Trip report -- Frontera, Xel-ha, Maxwell, Clark
We visited Chicago for a week for the first time in nearly a decade, and ate much better than I had expected when we booked the trip. We'll be back much sooner next time. I'll post a series of reports.
We first ate at Frontera in the late '80's, after having purchased and used Bayless's first cookbook, and had dinner at Topolobampo in '98. I don't begrduge Bayless his success, which he deserves, even if he's made some dubious choices along the way (e.g. Burger King, some of his later cookbooks). But I was also a Springsteen fan back in 1975, and I get the same feeling with him as I do with Bayless: they're not aiming at me any more.
I got on the phone at 8:30am to make a Frontera reservation, but by the time I got through, only a 9:30pm seating was available. "When do I have to show up?" I asked, and was told, "You don't have to be here when the doors open to get a table." We disregarded that, showed up at 5:30 as the line started filing in, and had a 45-minute wait. The place wasn't full, but they were staggering seatings for the sake of the kitchen. Sensible, but frustrating.
The meal was good, but not great. Some dishes were a surprise, like the salbutes with smoked heritage turkey; some, like the sopes and the lomitos de puerco, delivered as expected; some, like the codzitos negros and one of the trio of ceviches, looked better than they tasted. The cochinita pibil special was fine. But the tacos al carbon, a revelation on our first visit, were a disappointment. The cajeta on the crepes we ordered off the Topolobampo menu was too runny, though it tasted right. Service was friendly and efficient considering the bustle and noise. My kids were surprised at the number of people eating hunk-of-meat dinners.
Xel-ha was low on my list, but due to logistics, we found ourselves in River North at 7:30 on a Saturday night without a reservation, and could walk in. We probably could have done better. Only the cochinita pibil was an unqualified success, though the plantain empanadas were at least tasty. Panuchos de pato had some of the most deracinated duck I have ever had (you could have convinced me it was shredded chicken breast, and maybe it was). The chile relleno was underroasted and the rather dull filling lacked cohesion, so it fell out with the effort of cutting through the pepper. The kids took a look at the dessert menu and opted to go get something at the nearby Whole Foods instead.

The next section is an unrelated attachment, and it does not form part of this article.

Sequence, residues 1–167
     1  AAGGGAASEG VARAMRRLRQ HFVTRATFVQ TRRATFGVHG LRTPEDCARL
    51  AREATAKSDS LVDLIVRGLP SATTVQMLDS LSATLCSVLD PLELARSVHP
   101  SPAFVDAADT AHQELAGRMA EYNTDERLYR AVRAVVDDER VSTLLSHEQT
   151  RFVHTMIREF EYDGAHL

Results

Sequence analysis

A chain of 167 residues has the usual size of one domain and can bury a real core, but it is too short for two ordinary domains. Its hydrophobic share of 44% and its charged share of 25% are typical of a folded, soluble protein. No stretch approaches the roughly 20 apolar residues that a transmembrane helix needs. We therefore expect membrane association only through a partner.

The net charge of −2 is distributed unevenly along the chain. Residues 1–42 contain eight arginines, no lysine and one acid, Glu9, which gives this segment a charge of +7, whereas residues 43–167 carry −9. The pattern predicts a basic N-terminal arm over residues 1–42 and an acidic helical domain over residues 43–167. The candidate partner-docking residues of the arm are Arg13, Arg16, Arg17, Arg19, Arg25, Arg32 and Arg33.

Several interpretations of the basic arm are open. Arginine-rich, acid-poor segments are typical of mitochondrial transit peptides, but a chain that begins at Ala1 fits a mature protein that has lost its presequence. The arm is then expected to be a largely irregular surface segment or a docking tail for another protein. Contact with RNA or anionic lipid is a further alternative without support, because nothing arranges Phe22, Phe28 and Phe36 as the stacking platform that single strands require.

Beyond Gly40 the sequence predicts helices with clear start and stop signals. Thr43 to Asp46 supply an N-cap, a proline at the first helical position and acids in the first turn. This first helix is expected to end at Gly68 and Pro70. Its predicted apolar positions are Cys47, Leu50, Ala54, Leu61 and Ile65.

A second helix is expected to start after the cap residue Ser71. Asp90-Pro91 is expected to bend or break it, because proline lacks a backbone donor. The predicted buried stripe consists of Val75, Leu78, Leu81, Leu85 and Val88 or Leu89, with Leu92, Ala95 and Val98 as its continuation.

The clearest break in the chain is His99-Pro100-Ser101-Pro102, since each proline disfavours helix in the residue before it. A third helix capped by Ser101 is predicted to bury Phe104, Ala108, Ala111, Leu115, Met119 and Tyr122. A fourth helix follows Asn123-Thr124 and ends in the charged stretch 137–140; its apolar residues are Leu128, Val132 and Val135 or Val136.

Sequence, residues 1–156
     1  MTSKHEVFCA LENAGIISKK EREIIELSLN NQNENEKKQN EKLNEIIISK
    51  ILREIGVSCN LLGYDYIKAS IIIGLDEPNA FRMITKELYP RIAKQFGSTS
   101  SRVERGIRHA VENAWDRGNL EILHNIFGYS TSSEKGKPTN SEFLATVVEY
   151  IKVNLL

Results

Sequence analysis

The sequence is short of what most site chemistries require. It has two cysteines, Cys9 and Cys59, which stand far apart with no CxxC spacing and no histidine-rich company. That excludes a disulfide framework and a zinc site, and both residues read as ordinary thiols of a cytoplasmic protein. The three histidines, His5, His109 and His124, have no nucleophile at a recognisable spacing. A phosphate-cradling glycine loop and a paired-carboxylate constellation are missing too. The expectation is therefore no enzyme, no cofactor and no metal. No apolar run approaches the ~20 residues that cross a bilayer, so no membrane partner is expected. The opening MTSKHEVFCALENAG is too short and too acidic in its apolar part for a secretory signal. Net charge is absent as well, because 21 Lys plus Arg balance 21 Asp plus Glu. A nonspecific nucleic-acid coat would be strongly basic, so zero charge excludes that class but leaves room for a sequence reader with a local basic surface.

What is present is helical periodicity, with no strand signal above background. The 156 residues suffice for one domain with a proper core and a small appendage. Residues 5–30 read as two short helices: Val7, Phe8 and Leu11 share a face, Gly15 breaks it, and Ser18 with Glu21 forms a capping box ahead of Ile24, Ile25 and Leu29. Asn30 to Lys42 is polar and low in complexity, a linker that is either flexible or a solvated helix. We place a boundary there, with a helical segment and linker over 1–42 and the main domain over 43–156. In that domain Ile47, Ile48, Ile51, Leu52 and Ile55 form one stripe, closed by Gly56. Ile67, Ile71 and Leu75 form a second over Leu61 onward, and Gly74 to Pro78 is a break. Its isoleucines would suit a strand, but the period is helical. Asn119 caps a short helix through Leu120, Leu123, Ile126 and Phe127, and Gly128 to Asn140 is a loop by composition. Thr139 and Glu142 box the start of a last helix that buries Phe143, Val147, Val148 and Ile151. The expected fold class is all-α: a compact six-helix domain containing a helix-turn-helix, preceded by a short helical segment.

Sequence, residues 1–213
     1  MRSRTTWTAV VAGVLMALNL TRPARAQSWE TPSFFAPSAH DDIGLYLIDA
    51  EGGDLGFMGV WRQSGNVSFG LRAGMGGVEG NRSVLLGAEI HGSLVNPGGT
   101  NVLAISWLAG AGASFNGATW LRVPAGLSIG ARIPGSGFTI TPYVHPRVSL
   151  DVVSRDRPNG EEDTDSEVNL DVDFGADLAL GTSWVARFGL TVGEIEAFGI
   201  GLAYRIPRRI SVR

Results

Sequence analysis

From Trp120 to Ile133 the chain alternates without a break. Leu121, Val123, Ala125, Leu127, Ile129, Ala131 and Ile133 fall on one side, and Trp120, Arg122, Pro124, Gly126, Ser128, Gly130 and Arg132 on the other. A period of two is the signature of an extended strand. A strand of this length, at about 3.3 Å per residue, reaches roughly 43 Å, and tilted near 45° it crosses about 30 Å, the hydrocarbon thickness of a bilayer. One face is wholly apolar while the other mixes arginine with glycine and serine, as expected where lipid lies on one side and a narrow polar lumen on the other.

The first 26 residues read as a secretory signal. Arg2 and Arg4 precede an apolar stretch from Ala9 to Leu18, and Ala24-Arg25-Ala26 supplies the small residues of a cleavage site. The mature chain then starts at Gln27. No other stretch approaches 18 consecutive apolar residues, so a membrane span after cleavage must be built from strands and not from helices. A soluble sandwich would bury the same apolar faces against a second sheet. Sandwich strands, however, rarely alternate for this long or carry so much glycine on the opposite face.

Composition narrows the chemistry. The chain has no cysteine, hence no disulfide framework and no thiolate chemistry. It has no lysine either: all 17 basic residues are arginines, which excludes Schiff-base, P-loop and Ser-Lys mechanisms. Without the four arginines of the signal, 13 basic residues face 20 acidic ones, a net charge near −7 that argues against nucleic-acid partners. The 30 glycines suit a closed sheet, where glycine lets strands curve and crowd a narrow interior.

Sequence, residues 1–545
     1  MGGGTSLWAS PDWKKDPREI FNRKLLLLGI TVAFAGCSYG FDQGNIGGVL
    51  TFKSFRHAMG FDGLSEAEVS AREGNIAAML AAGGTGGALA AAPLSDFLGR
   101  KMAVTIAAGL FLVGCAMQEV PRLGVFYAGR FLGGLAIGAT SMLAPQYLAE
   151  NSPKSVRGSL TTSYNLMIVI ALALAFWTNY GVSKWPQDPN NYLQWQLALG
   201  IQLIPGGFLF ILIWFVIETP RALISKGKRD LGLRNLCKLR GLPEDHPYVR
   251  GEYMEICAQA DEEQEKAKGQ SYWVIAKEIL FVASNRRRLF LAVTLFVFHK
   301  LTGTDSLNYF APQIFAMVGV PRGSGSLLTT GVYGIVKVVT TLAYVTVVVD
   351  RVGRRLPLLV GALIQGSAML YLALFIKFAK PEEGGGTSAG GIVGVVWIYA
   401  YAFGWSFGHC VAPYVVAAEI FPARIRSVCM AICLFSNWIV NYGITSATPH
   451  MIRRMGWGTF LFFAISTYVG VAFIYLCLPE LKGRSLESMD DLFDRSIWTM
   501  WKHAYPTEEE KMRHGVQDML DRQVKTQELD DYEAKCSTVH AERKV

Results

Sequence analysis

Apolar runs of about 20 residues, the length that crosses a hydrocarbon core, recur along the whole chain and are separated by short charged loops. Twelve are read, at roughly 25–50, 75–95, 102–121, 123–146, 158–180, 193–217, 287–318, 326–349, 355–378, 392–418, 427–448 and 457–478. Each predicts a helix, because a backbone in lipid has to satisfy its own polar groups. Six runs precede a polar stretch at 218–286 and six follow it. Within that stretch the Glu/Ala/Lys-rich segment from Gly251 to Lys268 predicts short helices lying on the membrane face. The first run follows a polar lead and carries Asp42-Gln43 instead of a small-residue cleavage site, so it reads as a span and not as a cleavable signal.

The taco de mole rojo from Rubi's in the Maxwell Street Market was probably my Chicago Mexican highlight, though the al pastor was a close second, and the kids liked their huitlacoche quesadilla. Surely these people are cooking somewhere during the week? Fresh churros (natural) from the truck were also divine. All the seats at Tito's were taken (this was about 10:30am) and my attempts to get served while standing were unsuccessful, but I probably was too full at this point anyway. Only the horchata from a random stand was flawed, being overly sweet and with a strong chemical flavour of artificial vanilla. The kids were disappointed at not being able to find more aguas from fruits in season.
We also went up to the Clark Street Festival, which was a nice glimpse of a neighbourhood celebration. There was an al pastor spit at the El Rey del Taco stand, so I ordered two, and washed them down with a Goose Island Honker's Ale, which was perfectly satisfying for the time and place. My daughter found shrimp empanadas she liked, and there was free roasted corn. --PR
thank you for the outstanding trip report (I see there is already a second installment posted). Additional data points on Frontera are always welcome, as well as the frank assessment of Xel-Ha. There is actually a much better Yucatec place, Xni-pec, but it's located far off the usual visitors' circuit, in Cicero.
But I'm really, really glad you all made it to the Maxwell Street Market, and more specifically to Rubi's! As far as I know, the Rubi's people do not have a restaurant during the week (someone please correct me if I'm wrong). That stand is indeed terrific.
I look forward to reading the rest of your trip reports.
3755 Grand Boulevard, Brookfield, IL 60513
Thanks. I greatly appreciate the copious amounts of useful information I found on this board, and these reports are but inadequate payback.
Xni-Pec was on my long list, but it never fit, logistically. If we had squeezed in one more upscale Mexican place, it would probably have been Salpicon. --PR
It is great that you took the time to visit Maxwell Street and the Clark Street Festival. We usually don't get many tourists visiting Rogers Park, but there is a big variety of good ethnic restaurants in the area. El Rey's pastor spit is always a festival favorite. I hope your kids got to sample the creamy fruit popscicles from Paleteria Monarca. They are a wonderful summertime treat made with real fruit.
re: Roger Spark
Alas, we missed the popsicles -- I'm not sure how, the kids usually have an eye for these things. We probably wouldn't have made it to Rogers Park at all except that we were already nearby for Pasticceria Natalina. It was one of those days where we just wander from snack to snack. --PR